I’ve just arrived from 8 days in the Amazon Jungle, a most amazing and terrifying experience.
We started our adventure in Iquitos, a city of 300,000 people that is incredibly remote, and where I felt very outside of my comfort zone. Iquitos is a 3rd world city, mostly because there are no connecting roads to it and the outside world. All things come by boat from Brazil… on a very long trip up the Amazon River.
In the whole time I was there, I saw only 10 cars. Everyone travels in motocars which is a motor bike, usually a Honda, with a carriage. They’re noisy, smelly and open air, and it’s generally accepted that people can rob you very easily from them. Despite us needing to take at least 15 trips on these things, I couldn’t get used to it. I feared for my life with each trip. Each trip costs between 1 or 3 nuevos solas. Denoted like S/1, with no dollar sign, this is about AU$0.40.
All the roads are one way in the inner ciudad, and there appears to be no road rules. Motocars and motor bikes park anywhere. They’re often 3 to a lane, with lots of beeping and overtaking. You’re painfully close to other people, there’s rubbish all over the streets, and potholes that could swallow most smart cars. It’s amazing, but there are no accidents.
Most people in Iquitos like in houses which have roofs thatched with a palm leaf, or extremely rusted corrugated iron. In perspective, Iquitos is on Latitiude 2, Cairns is on Latitude 17. So we’re close to the equator, and its stinking hot. Most people have no electricity, so no refrigeration, and no air conditioning. Sleeping is difficult. As a result, nobody spends time in their houses during the day, they’re outside trying to make money.
They sell all sorts of weird things, lots of jugo (juice) in all sorts of flavours, plantain cooked lots of ways, assorted fruits and cooked goodies. There are people everywhere, and they cross the road wherever, chickens and dogs run everywhere. Bananas line the sides of some streets, and every now and then there is corn kernels drying on the footpaths.
We left Iquitos on a fast motorboat, with a 150HP engine. The horse power is very important to Iquitians, they often refer to the strength of the motor with pride. This started a 2.5h boat ride to our lodge, Tahuayo Lodge. I became very well acquainted with the two men sitting next to me, Steven from Boston, who informed me it snowed the day he left, and Michael from Chicago who is the Director of Tahuayo’s Amazon Research Centre. He’s a very famous primatologist and has extensively studied juvenile primates.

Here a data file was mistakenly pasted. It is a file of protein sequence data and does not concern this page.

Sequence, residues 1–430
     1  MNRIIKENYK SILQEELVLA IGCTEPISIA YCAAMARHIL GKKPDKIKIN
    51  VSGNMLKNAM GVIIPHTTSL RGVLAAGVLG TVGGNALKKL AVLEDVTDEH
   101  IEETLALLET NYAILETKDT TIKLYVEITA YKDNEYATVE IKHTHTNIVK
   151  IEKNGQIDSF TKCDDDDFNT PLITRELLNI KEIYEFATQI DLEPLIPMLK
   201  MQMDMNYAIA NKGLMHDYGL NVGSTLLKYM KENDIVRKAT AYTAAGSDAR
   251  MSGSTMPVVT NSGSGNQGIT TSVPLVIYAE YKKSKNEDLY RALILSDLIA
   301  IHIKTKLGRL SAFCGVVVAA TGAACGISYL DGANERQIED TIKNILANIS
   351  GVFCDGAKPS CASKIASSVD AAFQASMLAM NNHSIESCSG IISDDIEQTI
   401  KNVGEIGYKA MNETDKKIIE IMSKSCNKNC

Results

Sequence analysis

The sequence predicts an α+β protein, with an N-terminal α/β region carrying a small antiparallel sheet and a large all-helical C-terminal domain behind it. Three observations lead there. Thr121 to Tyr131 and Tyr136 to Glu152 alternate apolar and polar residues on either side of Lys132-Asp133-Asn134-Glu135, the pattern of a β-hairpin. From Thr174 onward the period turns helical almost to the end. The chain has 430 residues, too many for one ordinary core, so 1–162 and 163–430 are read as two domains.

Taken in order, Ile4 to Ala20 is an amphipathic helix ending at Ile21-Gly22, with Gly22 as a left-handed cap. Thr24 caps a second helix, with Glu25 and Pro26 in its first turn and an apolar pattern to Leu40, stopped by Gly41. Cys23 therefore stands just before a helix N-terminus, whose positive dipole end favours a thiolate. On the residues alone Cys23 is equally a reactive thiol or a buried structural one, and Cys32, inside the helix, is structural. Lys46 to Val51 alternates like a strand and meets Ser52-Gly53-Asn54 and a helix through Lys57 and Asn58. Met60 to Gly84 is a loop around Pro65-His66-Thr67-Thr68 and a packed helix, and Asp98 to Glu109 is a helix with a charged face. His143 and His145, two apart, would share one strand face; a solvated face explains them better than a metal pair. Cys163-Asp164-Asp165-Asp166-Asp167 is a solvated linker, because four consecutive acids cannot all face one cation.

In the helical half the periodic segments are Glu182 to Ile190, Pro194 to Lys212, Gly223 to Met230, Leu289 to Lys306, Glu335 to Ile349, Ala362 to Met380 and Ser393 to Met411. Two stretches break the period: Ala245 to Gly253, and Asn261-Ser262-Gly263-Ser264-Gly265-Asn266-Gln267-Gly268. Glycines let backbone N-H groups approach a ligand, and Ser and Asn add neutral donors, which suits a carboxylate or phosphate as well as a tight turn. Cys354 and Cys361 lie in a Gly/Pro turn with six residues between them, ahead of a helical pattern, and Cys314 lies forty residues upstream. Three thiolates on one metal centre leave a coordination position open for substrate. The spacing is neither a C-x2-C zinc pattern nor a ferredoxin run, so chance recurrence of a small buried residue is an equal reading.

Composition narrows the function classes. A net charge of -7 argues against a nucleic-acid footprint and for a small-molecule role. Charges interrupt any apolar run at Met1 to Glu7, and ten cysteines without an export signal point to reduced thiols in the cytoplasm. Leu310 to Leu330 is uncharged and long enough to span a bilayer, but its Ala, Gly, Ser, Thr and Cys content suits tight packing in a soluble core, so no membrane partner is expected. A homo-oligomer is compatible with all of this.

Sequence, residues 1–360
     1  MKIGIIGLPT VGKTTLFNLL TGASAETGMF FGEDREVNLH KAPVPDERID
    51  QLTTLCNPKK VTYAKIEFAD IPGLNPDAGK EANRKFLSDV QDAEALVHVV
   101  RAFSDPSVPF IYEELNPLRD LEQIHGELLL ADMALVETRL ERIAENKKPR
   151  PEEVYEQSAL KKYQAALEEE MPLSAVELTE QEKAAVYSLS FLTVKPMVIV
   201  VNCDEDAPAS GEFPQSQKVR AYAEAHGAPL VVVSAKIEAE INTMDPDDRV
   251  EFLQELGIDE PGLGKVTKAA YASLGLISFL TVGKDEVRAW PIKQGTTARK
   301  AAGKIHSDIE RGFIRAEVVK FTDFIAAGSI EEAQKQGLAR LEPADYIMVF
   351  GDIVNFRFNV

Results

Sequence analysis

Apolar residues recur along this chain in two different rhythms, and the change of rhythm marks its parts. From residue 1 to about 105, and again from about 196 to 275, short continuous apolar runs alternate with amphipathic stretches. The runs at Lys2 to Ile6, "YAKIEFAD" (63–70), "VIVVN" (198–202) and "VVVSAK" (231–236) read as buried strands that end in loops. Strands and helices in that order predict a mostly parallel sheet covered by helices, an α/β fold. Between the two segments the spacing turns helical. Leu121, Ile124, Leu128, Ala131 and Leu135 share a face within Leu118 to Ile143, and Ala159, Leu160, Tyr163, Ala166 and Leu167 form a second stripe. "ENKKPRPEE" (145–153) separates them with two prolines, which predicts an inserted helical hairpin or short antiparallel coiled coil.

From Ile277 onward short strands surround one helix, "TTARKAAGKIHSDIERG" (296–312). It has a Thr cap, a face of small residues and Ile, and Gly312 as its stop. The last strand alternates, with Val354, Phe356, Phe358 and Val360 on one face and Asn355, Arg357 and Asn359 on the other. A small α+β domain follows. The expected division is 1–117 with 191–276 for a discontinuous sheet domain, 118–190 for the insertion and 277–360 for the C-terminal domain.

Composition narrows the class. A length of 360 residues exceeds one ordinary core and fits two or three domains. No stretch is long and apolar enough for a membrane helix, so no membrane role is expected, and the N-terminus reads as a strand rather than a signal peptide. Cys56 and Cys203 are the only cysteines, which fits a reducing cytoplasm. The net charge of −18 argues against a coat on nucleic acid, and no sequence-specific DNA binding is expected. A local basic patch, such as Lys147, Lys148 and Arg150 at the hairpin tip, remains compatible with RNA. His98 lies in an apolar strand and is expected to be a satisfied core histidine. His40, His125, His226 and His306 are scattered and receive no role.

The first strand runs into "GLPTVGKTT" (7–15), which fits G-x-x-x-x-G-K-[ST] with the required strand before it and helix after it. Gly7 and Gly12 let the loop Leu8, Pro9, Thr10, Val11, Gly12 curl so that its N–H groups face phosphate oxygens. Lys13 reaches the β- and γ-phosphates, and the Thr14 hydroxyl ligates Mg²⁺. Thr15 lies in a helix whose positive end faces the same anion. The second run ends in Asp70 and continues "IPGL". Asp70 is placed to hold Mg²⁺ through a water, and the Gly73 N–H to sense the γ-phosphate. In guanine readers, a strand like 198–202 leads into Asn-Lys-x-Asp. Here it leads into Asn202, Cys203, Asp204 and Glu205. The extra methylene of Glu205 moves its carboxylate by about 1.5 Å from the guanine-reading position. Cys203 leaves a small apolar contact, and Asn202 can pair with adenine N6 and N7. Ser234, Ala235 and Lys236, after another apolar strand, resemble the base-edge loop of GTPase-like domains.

The lodge was exactly like you might imagine a jungle lodge to be… lots of little huts with thatched roofs, all joined together by a series of crickety boardwalks. They’re on high stilts because the Amazon floods, and the waters rise dramatically peaking in March – much like our wet season at home.
Coral and I had one of the newer lodges built, this had two hammocks, a king sized bed, two single beds and a bathroom. All the beds are four posters, and have fine mosquito nets which is both romantic and absolutely necessary in the jungle. The toilets were flush and very modern, however we were told the lodge sewerage system doesn’t handle toilet paper very well, so there’s a bin next to the toilet for such deposits. It’s very strange to get used to this. In addition, the toilet bowl fills up really high with water, so high in fact if you’re wiping without thought, you may accidentally dunk your hand in the toilet water. The shower only has one tap, the cold water tap. Coral didn’t have a proper wash the whole time she was there, but since I didn’t have a change of clothes we didn’t notice each other’s stinkiness.
Every day we had three meals, which were basic but always adequate. We ate lots of weird Amazonian things like Yuca, which is like a sweet potato with less sweetness. It’s closest to our cassava and they have it with almost every meal. They’re keen on white meat, mostly chicken and fish, and lunch is a huge affair with soup, mains and dessert.
Other interesting food we ate was plantain cooked every which way; fried slices dusted with salt, boiled till soft, cut in half and fried slowly until spoogy, deep fried as chips. We see plantain at home too, it’s the big ass bananas that never go yellow, they’re cooked green. They’re sometimes called cooking bananas. Sweet bananas don’t play as big a role here, everyone grows and trades in plantain.
There were 3 activites every day, these were usually on the river in a motorboat or a canoe, or hiking through the jungle. The locations varied each time.
My favourite by far where the river activities because the wildlife spotting was far superior to the hiking experiences.
Hiking was also a pain because the walls of mosquitoes are thicker than you possibly could imagine. There are 100s swarming around you constantly, and the DEET insect repellent only works for about 30 mins while you’re sweating up a storm. It’s 35C, 80% humidity and no wind – so not sweating is impossible. There are so many interesting plants in the jungle, and the occasional insect, snake or frog that pops up. However everytime you stop the mosquitos land and bite, so you need to keep moving.
I unfortunately discovered I’m allergic to DEET. My skin turns bright red about 3 mins after I apply, and then starts to burn. I know when it’s wearing off because I get relief from the burn.
… to be continued.